Two months later the patient contacted the practice as the laxatives had only given temporary relief and the constipation was now worse. In addition, the patient reported unintentional weight loss of around 2kg and three episodes of rectal bleeding. She was seen the same day at which point her abdominal and rectal examinations were unremarkable. Given the new symptoms the GP referred her under a two-week wait for suspected bowel cancer.
The patient called the practice three weeks later as she had not heard from the hospital so the GP followed this up to be told that no referral had been received. Another two-week wait referral was made, highlighting that the patient had already been waiting three weeks. The hospital confirmed receipt.
The patient was seen a number of weeks later and had a colonoscopy which identified a large tumour. The complaint detailed concerns that the delay between first being seen by the GP and the diagnosis had adversely affected the patient’s prognosis.
The PHSO report concluded that the GP’s role in the care was appropriate and the delay was caused by the backlog of secondary care referrals.
We have previously advised GPs on steps they can take to reduce the risk of harm to patients and their own medico-legal risk from such delays. These steps include:
- Ensure the patient understands why they are being referred and whether the referral is urgent or routine and the likely timescales involved.
- Provide safety netting advice to the patient so that they know what to do if their symptoms worsen and to contact you if they do not hear from secondary care in the expected timeframe.
- If appropriate, you may wish to seek their view on a private referral.
- Ensure the urgency of the referral is clear and include relevant clinical details to reduce the risk of it being downgraded to a routine referral.
- Include all relevant clinical details including the patient's history, medication, allergies, examination findings and details of any investigations.
- Report any deterioration, new investigation results, or new symptoms.
- You have a responsibility to raise concerns if you think that patient safety is or may be seriously compromised.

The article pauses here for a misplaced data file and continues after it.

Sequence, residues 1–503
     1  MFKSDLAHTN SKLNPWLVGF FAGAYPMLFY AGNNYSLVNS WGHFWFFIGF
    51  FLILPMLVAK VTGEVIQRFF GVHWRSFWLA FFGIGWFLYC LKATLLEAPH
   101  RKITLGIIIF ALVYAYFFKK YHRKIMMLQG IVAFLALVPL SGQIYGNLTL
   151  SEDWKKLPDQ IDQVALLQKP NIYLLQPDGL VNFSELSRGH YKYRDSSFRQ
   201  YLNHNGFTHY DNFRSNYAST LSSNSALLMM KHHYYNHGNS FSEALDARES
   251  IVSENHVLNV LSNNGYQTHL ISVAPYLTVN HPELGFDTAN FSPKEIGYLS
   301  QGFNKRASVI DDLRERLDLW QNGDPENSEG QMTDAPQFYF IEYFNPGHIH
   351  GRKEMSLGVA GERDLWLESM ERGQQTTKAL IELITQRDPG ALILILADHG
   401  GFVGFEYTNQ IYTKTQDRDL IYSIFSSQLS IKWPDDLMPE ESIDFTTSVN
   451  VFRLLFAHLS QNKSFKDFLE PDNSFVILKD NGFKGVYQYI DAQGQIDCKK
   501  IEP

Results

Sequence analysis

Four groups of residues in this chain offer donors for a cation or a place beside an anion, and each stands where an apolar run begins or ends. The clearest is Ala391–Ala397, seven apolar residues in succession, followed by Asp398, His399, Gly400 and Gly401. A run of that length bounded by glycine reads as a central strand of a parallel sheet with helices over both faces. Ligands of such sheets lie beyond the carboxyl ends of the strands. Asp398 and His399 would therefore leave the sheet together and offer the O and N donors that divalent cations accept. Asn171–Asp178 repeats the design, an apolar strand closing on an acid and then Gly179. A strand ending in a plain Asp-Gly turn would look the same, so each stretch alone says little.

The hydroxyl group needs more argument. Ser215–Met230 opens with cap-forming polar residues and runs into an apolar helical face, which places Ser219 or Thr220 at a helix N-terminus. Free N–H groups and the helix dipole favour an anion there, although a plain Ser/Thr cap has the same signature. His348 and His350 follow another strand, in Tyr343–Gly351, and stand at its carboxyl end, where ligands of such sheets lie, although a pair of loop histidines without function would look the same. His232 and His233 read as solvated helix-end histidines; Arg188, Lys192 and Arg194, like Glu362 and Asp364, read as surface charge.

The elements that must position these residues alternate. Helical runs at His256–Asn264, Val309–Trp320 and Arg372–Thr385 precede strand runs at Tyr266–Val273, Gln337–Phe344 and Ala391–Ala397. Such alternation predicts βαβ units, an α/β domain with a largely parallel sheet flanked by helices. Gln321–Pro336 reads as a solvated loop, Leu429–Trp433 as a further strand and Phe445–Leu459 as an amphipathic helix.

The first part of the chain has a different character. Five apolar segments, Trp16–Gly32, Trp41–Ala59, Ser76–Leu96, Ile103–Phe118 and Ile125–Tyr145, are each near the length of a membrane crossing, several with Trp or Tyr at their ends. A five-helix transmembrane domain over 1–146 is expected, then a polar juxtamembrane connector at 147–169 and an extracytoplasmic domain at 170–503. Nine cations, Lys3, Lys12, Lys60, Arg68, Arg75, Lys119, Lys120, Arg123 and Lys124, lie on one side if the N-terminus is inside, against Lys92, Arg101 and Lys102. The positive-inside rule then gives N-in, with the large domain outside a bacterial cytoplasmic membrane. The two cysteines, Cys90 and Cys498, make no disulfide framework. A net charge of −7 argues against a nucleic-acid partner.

Mask wearing and infection control
Following the announcement of the government’s ‘Living with Covid’ plan, guidance throughout the UK states that staff, patients and visitors are still required to wear face masks in healthcare settings.
Unfortunately, some patients and relatives have misunderstood the change in guidance to mean that masks are not required anywhere including healthcare settings. In one case a practice manager called the MDU for advice after experiencing an increase in patients declining to wear a mask since the relaxation of restrictions.
The adviser directed them to the current government guidance.
Examples of reasons for mask wearing exemptions are listed in the guidance under the ‘If you are not able to wear a face covering’ section.
Practices may wish to display notices online and within the practice to clarify the current government guidance. As we have previously advised, if a patient who can wear a mask declines to do so then they may be persuaded to change their mind by an explanation of the current guidance and why it is important for the protection of others. In addition, those without a face covering could be offered a mask to wear.
There is no power to enforce face coverings and practices should be cautious about declining to provide necessary care to a patient on the basis of their decision not to wear a mask.
- Dr Ellie Mein is medico-legal adviser at the MDU
Find out more about complaints handling, including a step-by-step guide on writing a response to a complaint on the MDU’s website here.